Last September, Facebook (META -0.24%) launched Facebook Dating in the U.S. after testing the feature in other markets for a year. Earlier this year, Facebook upgraded the feature with video calls to let users go on "virtual" dates as the COVID-19 crisis kept more people at home.

Facebook's expansion into the online dating market initially spooked investors in Match Group (MTCH -0.70%), which owns popular dating apps like Tinder, Match, PlentyOfFish, OurTime, OkCupid, and Hinge. But over the past 12 months, Match's stock advanced more than 40% as those concerns waned.

Let's see why investors should still consider Match a better online dating stock than Facebook, and why Match's stock could still have more room to run.

A woman tries to hide from a blind date holding flowers.

Image source: Getty Images.

Tinder has a stickier paid ecosystem

Match established a first mover's advantage in online dating apps over the past decade. Tinder, which was launched eight years ago, streamlined the entire process with swipes and became the highest-grossing app in the world last year, according to App Annie's annual "State of Mobile" report.

Unlike Facebook, which generates most of its revenue from ads, Match generates most of its revenue from paid subscriptions -- which are stickier and more reliable than ad revenue.

A woman uses a dating app on a phone.

Image source: Getty Images.

Match upgraded Tinder with the Plus tier in 2015 and Gold tier in 2017. Tinder Plus -- which costs $10 a month for users under 30 (and $20 a month for older users) across most markets -- lets users undo swipes, swipe overseas, use five "super likes" to get a user's attention, and "boost" the visibility of their profiles.

Tinder Gold is an upgrade for Plus that adds curated picks and the ability to immediately see who likes you for an extra $5 a month for most users. Last year, Match announced over 70% of Tinder's subscribers had upgraded to its Gold tier.

Tinder's total subscribers grew 18% annually to 6.2 million last quarter. Match's total subscribers, including, OkCupid, and other platforms, grew 11% to 10.1 million. Tinder's direct revenues, which come from subscriptions and a la carte upgrades, rose 15% annually, easily outpacing the 9% direct revenue growth across Match's other platforms.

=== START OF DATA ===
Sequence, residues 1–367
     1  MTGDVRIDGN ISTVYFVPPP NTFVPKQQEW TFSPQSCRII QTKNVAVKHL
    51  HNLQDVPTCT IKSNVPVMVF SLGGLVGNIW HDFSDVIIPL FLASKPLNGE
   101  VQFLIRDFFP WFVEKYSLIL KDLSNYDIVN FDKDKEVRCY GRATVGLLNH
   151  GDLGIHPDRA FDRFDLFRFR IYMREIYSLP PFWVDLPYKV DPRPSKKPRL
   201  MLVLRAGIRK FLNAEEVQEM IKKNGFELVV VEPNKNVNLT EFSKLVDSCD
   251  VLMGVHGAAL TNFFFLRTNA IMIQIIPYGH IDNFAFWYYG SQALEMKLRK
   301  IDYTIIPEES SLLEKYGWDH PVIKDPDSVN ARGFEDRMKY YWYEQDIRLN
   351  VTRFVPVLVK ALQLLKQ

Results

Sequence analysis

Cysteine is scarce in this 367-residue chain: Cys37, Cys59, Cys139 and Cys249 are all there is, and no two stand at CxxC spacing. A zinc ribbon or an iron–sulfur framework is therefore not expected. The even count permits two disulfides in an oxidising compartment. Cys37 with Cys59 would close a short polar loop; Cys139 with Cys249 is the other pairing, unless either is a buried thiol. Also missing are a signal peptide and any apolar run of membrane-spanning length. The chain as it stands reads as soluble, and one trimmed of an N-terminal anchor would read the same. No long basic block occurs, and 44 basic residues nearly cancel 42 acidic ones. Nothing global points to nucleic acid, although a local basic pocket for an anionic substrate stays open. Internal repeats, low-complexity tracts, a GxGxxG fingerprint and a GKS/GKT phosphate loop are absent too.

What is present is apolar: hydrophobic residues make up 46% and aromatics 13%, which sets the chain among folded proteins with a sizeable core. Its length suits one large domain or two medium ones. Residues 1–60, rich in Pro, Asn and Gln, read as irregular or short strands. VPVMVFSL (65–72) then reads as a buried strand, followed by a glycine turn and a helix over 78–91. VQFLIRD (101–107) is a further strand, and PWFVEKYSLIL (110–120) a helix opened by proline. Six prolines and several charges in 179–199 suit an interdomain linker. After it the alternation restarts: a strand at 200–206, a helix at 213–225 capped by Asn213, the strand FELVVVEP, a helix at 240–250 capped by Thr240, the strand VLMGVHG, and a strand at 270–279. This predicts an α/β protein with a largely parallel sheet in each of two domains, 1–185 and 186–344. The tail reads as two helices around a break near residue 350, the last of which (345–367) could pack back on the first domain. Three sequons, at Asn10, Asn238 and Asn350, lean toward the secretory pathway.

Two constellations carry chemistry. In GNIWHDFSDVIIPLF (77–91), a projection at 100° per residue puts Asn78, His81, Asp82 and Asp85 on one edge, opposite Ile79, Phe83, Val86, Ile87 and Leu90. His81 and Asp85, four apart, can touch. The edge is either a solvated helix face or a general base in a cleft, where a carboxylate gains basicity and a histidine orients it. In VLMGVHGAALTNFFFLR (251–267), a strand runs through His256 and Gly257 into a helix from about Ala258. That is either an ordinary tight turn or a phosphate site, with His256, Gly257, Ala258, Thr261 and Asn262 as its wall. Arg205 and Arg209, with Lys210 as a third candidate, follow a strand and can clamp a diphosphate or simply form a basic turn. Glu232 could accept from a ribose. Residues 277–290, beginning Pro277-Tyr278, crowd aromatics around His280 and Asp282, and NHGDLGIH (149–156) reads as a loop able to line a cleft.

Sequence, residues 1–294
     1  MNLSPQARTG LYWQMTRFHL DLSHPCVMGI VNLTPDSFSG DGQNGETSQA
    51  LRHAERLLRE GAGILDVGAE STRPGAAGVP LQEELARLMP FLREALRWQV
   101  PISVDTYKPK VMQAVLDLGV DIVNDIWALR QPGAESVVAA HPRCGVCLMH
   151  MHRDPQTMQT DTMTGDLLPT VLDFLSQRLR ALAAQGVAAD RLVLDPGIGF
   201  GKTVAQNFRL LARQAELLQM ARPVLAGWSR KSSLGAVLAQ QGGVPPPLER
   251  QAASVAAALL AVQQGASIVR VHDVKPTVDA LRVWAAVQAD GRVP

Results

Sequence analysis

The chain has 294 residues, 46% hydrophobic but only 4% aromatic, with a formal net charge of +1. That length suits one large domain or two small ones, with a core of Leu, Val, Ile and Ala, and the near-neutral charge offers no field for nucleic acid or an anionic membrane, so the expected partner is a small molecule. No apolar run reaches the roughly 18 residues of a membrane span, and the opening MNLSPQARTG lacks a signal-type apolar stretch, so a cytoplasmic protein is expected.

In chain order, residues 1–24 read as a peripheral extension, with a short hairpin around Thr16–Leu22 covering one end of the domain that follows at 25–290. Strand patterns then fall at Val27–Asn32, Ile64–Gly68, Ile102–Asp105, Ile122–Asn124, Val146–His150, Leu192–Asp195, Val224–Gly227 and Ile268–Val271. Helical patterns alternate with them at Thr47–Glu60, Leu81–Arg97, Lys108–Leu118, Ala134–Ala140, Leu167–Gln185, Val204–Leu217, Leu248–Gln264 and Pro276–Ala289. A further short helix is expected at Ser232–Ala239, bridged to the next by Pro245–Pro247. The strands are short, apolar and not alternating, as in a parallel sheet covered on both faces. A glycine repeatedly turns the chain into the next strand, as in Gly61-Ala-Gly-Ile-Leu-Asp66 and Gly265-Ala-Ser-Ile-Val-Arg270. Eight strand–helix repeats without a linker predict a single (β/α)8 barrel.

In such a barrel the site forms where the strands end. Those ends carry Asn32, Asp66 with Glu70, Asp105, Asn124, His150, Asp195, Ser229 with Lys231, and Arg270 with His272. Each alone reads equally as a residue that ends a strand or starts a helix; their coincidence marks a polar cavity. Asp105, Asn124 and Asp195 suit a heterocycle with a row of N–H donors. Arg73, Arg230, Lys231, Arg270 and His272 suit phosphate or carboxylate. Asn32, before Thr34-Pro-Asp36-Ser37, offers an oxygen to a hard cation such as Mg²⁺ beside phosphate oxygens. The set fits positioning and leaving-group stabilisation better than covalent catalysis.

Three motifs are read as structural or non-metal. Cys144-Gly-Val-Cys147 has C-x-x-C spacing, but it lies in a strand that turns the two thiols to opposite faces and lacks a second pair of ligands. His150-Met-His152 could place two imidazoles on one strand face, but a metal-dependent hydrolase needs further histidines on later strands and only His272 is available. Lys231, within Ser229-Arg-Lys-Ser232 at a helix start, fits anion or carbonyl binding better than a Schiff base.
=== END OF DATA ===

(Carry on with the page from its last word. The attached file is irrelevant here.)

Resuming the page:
Facebook isn't causing Tinder's slowdown

If we track Tinder's growth in subscribers and direct revenue over the past year, we see its growth is decelerating:


Q2 2019

Q3 2019

Q4 2019

Q1 2020

Q2 2020

Growth in subscribers






Growth in direct revenue






Source: Match Group.

It's tempting to believe Tinder's high-growth days are over and newcomers like Facebook are catching up. However, instead of competitive headwinds, Match attributed the deceleration to Tinder's global exposure to the COVID-19 pandemic, which curbed signups and spending in high-growth markets like India and Brazil.

During last quarter's conference call, CEO Shar Dubey declared Tinder's business had "bottomed out" in April, and that the app "should definitely start accelerating growth again" by the fourth quarter of 2020. Match has also started testing a third paid tier for Tinder, called Platinum, which Dubey claims will "provide additional value beyond Gold by increasing users' chances to get more matches and more conversations."

In addition, Match has been expanding Tinder's video ecosystem with Swipe Night social videos, video profiles, and one-on-one chats. All these efforts will likely increase Tinder's stickiness, boost its revenue per user, and widen its moat against Facebook, Bumble, and other competitors.

Facebook is spinning too many plates

On the surface, Facebook has all the tools to weaken Match's grip on the online dating market. About 3 billion people use Facebook's family of apps every month, its social network is a natural foundation for dating services, and it's offering its tools for free.

However, Facebook is also trying to expand its ecosystem in myriad directions -- including the e-commerce, digital payments, streaming video, short video, video conferencing, enterprise collaboration, and virtual reality markets. Balancing all those initiatives takes a lot of effort, and will likely prevent Facebook from leveraging all its strengths to crush Match's family of paid dating apps.

Furthermore, Facebook's own brand is generally associated with family and friends instead of online dating, and its privacy and security shortcomings could prevent users from opting into its dating services. That's probably why Facebook hasn't revealed any user numbers for Facebook Dating -- and why it didn't mention the feature at all during its past two conference calls.

Swipe right on Match

Facebook and Match are both great growth stocks for long-term investors. However, investors looking for the "best in breed" play on the online dating market -- which research firm ReportLinker estimates will grow at a compound annual growth rate of 8.3% between 2019 and 2025 -- should simply stick with Match.